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3 Lessons Learned About the Proper Dosage of Medical Cannabis

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February 04, 2015 9:00 AM

3_Lessons_Learned_About_the_Proper_Dosage_of_Medical_CannabisThere's been a lot of talk in the 21st century about legalizing marijuana for medical use while proper dosage has been an issue that has not gotten as much attention in the media. Canada has left the issue up to doctors whereas in the United States there's almost a sense that it's up to patients themselves. Doctors are learning, however, from the patients themselves, what level of dosage works with respect to the following factors. 

Potency of Various Cannabis Types

If there were just one kind of cannabis plant, doctors would have a much easier time recommending a certain dosage. But the reality is that there are literally thousands of various cannabis strains around the world. Some strains are very potent while others do not have much effect on the mind or body. Additionally there are two separate components of cannabis that have medicinal value: the intoxicating THC chemical that is typically smoked and the non-intoxicating CBD chemical, which is often administered in liquid form. 

Complicating the matter further is that eating cannabis can be much more potent and intoxicating than smoking cannabis. To some degree, you must decide as a patient what your limit of intoxication should be, since it varies among different individuals. For people who do not like the psychoactive effects of getting high, they should limit their serving of a marijuana brownie to a small square, perhaps the size of a few sugar cubes.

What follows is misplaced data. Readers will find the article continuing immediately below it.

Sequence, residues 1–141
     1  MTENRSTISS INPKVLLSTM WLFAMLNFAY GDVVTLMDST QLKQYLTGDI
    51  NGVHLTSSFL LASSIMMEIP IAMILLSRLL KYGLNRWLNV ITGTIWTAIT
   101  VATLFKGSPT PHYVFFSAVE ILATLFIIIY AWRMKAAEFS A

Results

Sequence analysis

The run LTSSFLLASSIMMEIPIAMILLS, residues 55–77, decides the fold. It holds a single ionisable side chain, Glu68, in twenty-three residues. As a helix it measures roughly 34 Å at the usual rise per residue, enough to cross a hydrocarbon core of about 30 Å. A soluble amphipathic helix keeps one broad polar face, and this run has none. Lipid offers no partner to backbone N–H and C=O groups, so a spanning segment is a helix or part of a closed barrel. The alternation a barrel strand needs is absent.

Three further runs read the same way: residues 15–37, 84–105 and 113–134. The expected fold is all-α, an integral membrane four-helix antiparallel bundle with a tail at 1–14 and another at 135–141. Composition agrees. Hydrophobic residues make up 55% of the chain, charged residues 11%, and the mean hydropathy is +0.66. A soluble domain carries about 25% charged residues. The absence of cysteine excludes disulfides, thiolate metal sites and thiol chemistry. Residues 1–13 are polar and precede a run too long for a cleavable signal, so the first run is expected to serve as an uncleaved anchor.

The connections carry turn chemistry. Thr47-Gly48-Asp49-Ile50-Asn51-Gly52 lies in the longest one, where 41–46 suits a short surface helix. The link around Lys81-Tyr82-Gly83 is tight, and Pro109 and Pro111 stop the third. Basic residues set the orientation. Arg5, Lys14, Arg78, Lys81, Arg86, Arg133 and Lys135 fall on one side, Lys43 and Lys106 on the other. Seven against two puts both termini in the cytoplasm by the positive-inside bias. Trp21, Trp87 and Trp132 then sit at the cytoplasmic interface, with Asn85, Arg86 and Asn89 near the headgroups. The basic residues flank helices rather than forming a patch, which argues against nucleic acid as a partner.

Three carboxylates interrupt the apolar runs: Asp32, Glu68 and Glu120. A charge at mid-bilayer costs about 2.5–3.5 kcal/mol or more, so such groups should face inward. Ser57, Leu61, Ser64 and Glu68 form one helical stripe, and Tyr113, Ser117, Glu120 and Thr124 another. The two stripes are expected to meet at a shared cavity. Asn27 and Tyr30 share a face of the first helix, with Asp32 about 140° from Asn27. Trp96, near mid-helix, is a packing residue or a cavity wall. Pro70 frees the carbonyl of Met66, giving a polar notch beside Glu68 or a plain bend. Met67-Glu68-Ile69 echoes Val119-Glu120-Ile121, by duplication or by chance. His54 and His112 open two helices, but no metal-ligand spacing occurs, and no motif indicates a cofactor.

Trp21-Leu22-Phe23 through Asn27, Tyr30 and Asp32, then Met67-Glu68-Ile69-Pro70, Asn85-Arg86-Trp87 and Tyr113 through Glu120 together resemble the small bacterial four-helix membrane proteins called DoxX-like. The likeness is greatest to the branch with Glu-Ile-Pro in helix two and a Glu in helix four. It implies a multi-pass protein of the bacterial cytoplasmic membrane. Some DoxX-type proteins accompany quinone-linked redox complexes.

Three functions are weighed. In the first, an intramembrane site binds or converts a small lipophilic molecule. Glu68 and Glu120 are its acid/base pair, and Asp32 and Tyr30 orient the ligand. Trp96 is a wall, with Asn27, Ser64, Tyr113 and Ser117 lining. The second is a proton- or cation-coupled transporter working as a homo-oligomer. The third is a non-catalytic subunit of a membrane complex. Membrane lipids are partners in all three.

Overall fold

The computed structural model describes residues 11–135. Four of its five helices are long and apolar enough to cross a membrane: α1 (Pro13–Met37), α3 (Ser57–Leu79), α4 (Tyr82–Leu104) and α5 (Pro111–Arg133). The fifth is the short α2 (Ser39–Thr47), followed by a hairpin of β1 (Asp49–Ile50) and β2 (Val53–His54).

Other ways of ingesting cannabis can be through inhaling with a vaporizer and swallowing a capsule form that is manufactured by a pharmaceutical company. Proper dosage levels vary for each form of ingestion, as effects can be felt more quickly from smoking it than eating it while the effects of edible cannabis can last much longer. Experimentation should be gradual for new users. 

Toxicity and Tolerance Levels

Overall, scientists have found cannabis to have low toxicity without much concern about an overdose. It is more likely, for example, that a heavy user of cannabis will simply fall asleep if dosage is excessive. Unlike certain dangerous pharmaceutical drugs, cannabis appears to present not even a minor threat of fatal consequences. Exceptions might be for patients who suffer from heart problems, in which cannabis should simply be avoided, since it can affect heart rate. 

Even though marijuana is not considered physically addictive, the more you use the drug the more tolerance you build, requiring stronger dosage to get the desired effect. While it can be psychologically habitual, casual users do not exhibit many side effects beyond dry mouth and red eyes. Taking a few puffs occasionally is all some people need for reducing stress and other dispositions. 

Measurements for Medical Cannabis, Proper Dosage

Despite all the mysteries surrounding medical cannabis, proper dosage can be measured and over time, there will likely be more definitive standards for dosage. One of the few medical professionals who has published proper dosage amounts is Donald Abrams, MD. He is a Professor of Clinical Medicine at the University of California, San Francisco. He concluded that experienced cannabis smokers can regulate their own dosage in order to achieve the desired effect. He also offered "final dosing recommendations" based on the strength of THC. 

For cannabis with 10 percent THC, Abrams suggests a daily dosage of between .15 to 5.55 grams. As the THC level increases for medical cannabis, proper dosage decreases in grams. Marijuana with 20 percent THC, for example, corresponds with a dosage of .08 to 2.79 grams while 30 percent corresponds with .01 to 1.86 grams. This dosage recommendation is similar to other low toxicity drugs.


Topics: Medical Cannabis, Proper Dosage

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